By way of notice in The Australian newspaper today, the Australian Customs and Border Protection Service (“Customs”) has advised of the imposition of securities on such steel products. Securities do not require the payment of additional duty but represent the promise from importers to pay such additional duties if it is finally determined that such duty is properly payable on imports. They are imposed if Customs believe that the imports represent an immediate threat to the Australian industry while the investigation continues.
The securities are on account of alleged dumping of those products. The levels differ as set out in the notice depending on the identity of the exporter. These range from a finding of no dumping for some exporters to significant levels on galvanised steel from the People’s Republic of China, Korea and Taiwan. The highest level applies to exports of galvanised steel from the PRC at 55.3% for selected “non-cooperating exporters”. There is a long history of non-cooperating exporters receiving high margins as Customs can resort to its own calculations of export price and normal value rather than using the exporter’s figures. As a resul,t it continues to be mystifying while any exporters (including large-scale exporters) do not engage and co-operate during an investigation.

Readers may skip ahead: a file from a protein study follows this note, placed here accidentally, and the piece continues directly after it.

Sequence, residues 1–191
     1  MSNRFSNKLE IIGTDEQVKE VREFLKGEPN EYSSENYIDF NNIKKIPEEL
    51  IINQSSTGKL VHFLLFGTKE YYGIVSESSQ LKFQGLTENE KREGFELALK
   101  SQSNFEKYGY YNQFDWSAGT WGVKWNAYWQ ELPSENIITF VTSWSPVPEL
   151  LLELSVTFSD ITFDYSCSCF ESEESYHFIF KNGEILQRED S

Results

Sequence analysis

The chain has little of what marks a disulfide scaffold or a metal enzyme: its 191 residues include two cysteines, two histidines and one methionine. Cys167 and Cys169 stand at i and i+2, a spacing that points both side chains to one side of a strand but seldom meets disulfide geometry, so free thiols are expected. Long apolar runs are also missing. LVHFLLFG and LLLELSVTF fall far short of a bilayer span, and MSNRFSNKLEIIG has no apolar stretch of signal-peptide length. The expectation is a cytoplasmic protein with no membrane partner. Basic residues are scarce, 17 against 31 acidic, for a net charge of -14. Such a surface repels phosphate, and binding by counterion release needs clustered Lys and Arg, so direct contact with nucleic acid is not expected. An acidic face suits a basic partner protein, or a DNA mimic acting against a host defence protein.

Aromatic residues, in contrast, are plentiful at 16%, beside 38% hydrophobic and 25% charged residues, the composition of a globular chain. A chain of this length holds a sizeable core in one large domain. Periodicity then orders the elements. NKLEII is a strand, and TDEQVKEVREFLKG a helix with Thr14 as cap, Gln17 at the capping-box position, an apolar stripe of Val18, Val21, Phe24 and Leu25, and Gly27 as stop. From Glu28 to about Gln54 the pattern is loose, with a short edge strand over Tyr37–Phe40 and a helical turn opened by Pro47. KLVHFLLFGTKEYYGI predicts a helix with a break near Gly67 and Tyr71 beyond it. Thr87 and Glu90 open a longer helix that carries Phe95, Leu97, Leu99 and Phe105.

Details of the decision are to be found in the associated Preliminary Affirmative Determination number 190.
We await a decision as to whether securities are to be imposed on these products on account of alleged subsidies.
As always, we will be pleased to assist but readers should be aware that the securities will apply immediately to imports.